For a performance issue it is also useful to note which database you are using, and what table types you are using: your tag suggests this is mysql, which means myisam vs innodb is a critical piece of information you fail to provide. Finally, you claim 'empty' results are slow, however you don't explain why the empty results are empty, is it empty because one of the joins was empty, or because one of the coordinates didn't match (and if so, the world_block, or world_chunk coordinates).

If you provided the EXPLAIN data and basic DDL, I wouldn't be writing this as the question would most likely have been answered by now; as it stands, until you do, this question can't reasonably be answered.

The best I can offer is, you probably need to add at least one index covering some or all of the (x,y,z) and (cx,cy) coordinates; but that is just an educated guess.

EDIT:

Thank-you for the EXPLAIN, that helps. As you have no doubt noted already, the full table scan of world_blocks is the most likely culprit. Given the small size of the database, the index you added for (cid,x,y,z) probably did the most to help. A couple of other points however:

If this is an ingest+read database then MyISAM is a reasonable choice, but if you intend to perform online UPDATE or DELETE operations you are much better off sticking with InnoDB. The real benefit of InnoDB is the concurrency/scalability improvements more than referential integrity (although you shouldn't underestimate the importance of that either).

If x,y, and z are always constant in this query, you should consider moving them to the front of the index. In fact if you are using InnoDB, this EXPLAIN suggests the index should be on just (x,y,z) as including cid will only waste buffer cache. If you insist on using MyISAM you should definitely consider using a covering index on those fields referenced by the join: (x,y,z,cid,players) as this will prevent a full-row read until the final projection.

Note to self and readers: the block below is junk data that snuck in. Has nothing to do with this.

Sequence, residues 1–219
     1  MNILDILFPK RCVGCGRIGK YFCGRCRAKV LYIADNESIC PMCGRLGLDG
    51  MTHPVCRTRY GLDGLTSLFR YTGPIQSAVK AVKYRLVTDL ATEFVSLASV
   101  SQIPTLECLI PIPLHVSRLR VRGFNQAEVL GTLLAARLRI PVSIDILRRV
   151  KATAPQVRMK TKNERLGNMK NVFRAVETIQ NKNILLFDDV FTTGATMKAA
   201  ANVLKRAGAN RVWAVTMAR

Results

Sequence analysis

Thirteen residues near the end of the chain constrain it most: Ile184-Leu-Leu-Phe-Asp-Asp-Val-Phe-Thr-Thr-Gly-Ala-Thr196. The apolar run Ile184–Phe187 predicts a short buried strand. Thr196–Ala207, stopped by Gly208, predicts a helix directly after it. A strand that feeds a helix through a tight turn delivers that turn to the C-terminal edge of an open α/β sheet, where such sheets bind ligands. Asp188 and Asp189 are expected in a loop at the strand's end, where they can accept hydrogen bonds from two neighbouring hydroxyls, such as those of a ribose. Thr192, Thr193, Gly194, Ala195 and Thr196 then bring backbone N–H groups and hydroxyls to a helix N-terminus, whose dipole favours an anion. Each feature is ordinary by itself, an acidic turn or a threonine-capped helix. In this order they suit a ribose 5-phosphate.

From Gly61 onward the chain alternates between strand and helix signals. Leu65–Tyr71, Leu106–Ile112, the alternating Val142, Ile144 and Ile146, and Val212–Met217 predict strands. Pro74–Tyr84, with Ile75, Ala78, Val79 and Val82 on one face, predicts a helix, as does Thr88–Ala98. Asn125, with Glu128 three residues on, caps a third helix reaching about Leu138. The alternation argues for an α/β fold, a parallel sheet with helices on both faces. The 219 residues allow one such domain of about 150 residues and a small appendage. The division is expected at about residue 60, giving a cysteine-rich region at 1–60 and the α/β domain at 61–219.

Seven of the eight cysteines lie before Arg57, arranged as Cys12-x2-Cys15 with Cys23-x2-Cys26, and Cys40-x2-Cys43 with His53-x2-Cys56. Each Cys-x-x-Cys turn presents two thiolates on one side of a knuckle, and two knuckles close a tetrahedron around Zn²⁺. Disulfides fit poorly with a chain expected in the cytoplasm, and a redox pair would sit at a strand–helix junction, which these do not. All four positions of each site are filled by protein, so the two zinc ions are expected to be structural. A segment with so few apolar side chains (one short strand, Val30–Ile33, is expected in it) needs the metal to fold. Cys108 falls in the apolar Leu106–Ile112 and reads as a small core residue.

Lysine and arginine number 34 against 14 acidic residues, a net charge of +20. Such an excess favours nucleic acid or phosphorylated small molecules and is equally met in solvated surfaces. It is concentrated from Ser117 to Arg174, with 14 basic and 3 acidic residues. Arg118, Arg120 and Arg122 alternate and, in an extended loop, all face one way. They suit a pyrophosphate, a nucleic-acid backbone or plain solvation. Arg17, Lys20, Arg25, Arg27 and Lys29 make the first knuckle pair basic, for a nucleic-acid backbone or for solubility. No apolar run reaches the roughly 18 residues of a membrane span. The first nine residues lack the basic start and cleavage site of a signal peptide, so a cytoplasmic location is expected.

Which brings up my final points: Always run EXPLAIN as soon as you find yourself with unexplained performance quirks; Always run EXPLAIN after your unexplained performance quirks go away, and make sure it makes sense; Index behaviour for MyISAM and InnoDB are almost always different, and optimisations for one are not always optimisations for the other.

share|improve this answer
    
I added the information to the question post. I am sorry for not knowing exactly what to post. Thanks for the help! –  user1455025 Jun 14 '12 at 8:24
    
Thank you very much for the detailed information. It makes much more sense to me now. And as I infact have Concurrent delete and inserts I'll make sure to switch to innodb and use your explanations to improve my query! –  user1455025 Jun 14 '12 at 14:35

Your Answer

 
discard

By posting your answer, you agree to the privacy policy and terms of service.

Not the answer you're looking for? Browse other questions tagged or ask your own question.